Although the cause of ALS is unknown, genetic inheritance plays a role in 5% to 10% of cases. A fraction of all cases of familial ALS (that is, inherited ALS) is believed to be caused by a defective gene that prevents the body from producing a normal amount of an enzyme called superoxide dismutase. This enzyme helps neutralize free radicals -- highly reactive oxygen molecules produced during metabolism and capable of damaging body tissues. Researchers speculate that defects in protective enzymes may also account for noninherited ALS and that environmental toxins may be a factor.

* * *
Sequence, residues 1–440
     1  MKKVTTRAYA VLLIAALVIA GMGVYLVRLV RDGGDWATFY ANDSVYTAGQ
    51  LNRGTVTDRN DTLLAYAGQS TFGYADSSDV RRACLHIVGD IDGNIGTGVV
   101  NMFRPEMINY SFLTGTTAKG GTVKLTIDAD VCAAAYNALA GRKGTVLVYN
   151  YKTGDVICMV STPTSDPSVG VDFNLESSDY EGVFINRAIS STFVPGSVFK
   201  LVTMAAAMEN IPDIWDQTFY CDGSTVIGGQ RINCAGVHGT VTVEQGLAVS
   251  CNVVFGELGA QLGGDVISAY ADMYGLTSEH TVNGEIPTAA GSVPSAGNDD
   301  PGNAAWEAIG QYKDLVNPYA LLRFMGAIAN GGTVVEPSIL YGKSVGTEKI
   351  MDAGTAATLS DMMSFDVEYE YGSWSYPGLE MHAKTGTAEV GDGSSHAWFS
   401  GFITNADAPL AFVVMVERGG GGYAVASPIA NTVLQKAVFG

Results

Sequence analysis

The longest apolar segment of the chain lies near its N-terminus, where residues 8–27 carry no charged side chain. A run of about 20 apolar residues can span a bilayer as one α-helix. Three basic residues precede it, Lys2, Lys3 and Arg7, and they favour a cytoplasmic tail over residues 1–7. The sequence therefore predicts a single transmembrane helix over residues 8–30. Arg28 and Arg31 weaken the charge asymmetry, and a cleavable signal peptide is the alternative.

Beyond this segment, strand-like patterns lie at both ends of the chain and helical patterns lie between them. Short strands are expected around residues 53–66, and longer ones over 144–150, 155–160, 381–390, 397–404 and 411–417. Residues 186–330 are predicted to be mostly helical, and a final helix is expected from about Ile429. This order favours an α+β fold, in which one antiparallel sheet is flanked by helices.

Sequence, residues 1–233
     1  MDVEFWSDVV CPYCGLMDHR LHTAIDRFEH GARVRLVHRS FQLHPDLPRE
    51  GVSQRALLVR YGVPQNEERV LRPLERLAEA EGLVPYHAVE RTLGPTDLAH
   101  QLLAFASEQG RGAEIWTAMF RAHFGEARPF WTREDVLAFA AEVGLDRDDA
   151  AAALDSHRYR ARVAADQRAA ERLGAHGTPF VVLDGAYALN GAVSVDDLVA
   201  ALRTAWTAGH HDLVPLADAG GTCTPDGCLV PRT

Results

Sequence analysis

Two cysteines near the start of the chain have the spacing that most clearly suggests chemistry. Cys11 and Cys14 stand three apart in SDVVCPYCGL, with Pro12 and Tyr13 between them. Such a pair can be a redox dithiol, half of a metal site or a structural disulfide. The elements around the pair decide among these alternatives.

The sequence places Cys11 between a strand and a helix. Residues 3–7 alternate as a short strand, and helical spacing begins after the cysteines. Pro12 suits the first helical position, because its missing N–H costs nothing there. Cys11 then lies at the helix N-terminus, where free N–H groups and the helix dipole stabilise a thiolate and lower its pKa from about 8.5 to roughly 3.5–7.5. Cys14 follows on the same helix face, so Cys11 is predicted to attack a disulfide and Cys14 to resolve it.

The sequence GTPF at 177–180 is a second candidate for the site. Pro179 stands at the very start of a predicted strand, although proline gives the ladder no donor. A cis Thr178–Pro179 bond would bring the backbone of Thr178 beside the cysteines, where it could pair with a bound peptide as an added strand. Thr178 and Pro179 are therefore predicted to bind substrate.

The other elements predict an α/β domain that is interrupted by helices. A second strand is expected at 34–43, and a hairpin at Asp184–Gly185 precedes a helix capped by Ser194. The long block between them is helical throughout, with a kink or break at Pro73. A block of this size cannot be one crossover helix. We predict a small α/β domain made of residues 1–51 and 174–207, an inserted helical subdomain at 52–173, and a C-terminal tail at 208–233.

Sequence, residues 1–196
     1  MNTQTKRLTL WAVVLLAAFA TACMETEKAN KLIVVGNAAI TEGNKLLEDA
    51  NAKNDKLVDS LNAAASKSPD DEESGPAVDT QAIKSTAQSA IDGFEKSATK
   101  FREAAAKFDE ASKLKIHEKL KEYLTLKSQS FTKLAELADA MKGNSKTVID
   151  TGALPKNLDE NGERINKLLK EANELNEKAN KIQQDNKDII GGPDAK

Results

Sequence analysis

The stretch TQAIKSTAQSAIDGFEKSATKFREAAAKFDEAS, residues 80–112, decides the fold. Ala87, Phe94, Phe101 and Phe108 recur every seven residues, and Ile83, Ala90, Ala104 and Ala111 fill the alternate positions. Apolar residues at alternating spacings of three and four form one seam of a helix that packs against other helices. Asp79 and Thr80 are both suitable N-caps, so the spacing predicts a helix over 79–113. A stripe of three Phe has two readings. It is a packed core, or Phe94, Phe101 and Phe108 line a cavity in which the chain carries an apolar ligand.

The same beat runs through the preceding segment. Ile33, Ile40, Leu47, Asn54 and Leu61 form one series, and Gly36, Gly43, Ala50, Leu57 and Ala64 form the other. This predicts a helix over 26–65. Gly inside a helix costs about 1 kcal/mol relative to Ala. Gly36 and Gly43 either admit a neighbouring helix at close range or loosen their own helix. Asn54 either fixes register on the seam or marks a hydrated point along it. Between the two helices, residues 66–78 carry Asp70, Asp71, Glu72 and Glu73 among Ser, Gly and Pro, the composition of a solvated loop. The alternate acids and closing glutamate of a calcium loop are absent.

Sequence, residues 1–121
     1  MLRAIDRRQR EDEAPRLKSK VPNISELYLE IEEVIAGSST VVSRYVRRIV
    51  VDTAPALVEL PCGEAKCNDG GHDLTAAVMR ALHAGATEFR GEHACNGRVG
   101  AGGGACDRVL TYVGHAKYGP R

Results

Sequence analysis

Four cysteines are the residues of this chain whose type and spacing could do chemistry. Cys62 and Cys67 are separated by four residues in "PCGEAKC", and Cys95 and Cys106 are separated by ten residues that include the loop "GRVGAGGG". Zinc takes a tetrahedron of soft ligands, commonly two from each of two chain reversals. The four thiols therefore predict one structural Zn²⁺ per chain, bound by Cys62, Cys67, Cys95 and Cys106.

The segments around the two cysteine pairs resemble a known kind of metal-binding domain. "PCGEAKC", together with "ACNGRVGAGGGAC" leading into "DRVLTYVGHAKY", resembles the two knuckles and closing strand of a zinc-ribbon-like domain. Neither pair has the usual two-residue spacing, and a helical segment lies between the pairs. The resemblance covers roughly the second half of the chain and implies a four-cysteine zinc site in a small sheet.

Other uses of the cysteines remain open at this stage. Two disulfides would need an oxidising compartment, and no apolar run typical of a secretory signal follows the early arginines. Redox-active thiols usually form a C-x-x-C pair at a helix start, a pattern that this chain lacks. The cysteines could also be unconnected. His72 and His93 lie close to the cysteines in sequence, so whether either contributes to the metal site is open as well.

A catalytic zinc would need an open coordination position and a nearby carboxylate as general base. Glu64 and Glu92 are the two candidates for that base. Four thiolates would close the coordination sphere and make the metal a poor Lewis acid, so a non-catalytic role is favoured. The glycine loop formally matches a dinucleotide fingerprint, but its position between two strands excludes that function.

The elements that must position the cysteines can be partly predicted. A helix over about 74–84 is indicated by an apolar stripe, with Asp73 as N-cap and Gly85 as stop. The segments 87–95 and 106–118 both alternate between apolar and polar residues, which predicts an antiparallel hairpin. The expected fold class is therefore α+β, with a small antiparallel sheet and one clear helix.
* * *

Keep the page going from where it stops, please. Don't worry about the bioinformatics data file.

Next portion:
Some evidence suggests that the disease may be triggered by exposure to heavy metals, animal hides, or fertilizers, although this is by no means proven. In addition, viral infection and severe physical trauma have been implicated as possible contributors. Other theories link ALS to a phenomenon called excitotoxicity, in which the nerve cells that control movement are so relentlessly stimulated by a neurotransmitter called glutamate that they eventually die
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